A toxic breed of caterpillars have been found in the Greater London area.

Residents of London have been warned by the Forestry Commission to avoid a toxic breed of caterpillars that have been found to cause severe health damage.

The hairs of oak processionary moths (OPM) can cause asthma attacks, vomiting, skin and eye irritations, sore throats, skin rashes, and in rare cases, death, and have been spotted in the larva stage across south-east England and London. Officials from the Forestry Commission have warned residents not to touch the caterpillars, and to avoid all contact. Each caterpillar carries approximately 62,000 toxic hairs that can remain active for up to five years once shed. The hairs contain a toxic protein called thaumetopoein, which can be shed by the caterpillar if they feel threatened. Direct contact with the caterpillar, or with just the caterpillar hair, can lead to serious illness in humans and animals.


A gardener described her injuries to the BBC after unknowingly coming into contact with an oak tree that was infested with OPM.

"My first symptom was a rash on my tummy. I was unaware of what is was and thought at first it was a heat rash," she said.

"During this time I had spells of feeling violently sick. I thought I might have shingles.

"The rash got worse and the left side of my face became covered in this sore irritating rash. My left eye became very sore and weepy.

A spokesperson from the Forestry Commission assured residents that officials are taking steps to manage the outbreak, and has been treating infested trees.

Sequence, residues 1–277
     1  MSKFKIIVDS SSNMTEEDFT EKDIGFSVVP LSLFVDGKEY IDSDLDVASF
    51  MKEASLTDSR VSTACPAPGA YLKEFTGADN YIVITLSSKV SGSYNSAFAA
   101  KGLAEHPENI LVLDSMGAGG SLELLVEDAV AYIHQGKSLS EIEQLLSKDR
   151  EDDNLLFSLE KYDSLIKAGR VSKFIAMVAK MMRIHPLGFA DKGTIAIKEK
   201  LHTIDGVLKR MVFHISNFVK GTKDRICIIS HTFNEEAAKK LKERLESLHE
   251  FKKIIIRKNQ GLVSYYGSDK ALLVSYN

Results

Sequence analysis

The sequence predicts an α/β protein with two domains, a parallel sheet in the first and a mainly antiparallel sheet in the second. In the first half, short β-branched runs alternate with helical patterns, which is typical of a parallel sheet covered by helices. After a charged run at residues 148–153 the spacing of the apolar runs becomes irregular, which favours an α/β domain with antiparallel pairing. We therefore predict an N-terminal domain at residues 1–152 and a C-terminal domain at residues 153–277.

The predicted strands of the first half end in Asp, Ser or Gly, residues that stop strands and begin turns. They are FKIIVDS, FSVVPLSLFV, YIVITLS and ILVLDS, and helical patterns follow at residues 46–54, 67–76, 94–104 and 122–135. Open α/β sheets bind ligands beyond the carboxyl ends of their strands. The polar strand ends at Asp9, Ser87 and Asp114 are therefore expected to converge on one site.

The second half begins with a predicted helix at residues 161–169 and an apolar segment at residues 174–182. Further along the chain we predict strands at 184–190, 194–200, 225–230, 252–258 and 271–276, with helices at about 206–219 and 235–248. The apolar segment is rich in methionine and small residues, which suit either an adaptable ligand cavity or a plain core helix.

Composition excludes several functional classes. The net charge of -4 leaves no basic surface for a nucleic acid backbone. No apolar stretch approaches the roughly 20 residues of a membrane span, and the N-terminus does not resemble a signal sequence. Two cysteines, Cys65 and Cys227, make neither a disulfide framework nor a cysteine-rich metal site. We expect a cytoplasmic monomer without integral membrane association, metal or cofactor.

"The treatment programme is expected to continue until late May or early June," a spokesman said.

"After that the caterpillars will be too large to be affected by our preferred treatment product."

When the larva is hatched, the caterpillars are orange in colour with a black head. As they age, they appear white in colour and are entirely covered in long white hairs on their body. A long black stripe across their back can be used as a distinguishing feature compared to other similar looking caterpillars that are harmless. OPM also feed in groups, and most often feed on oak trees. They often move in a procession, or form clusters in silk nests, also found generally on oak trees. At the moth stage, they tend to live only a couple of days.

While it is unclear how OPM made the way to Britain, they are believed to have been accidentally transferred as eggs on live oak imports from the Netherlands in 2000. The population spread to Western London, and some parts of Surrey, Middlesex and Berkshire, in part due to warmer temperatures across the capital.

Officials are asking the public to remain vigilant in the summer, particularly when in areas with oak trees, for the safety of their families and their pets. Residents are advised to avoid approaching or trying to remove any nests by themselves. If any suspicious nests are found, they should be reported to the Forestry Commission for the safe removal.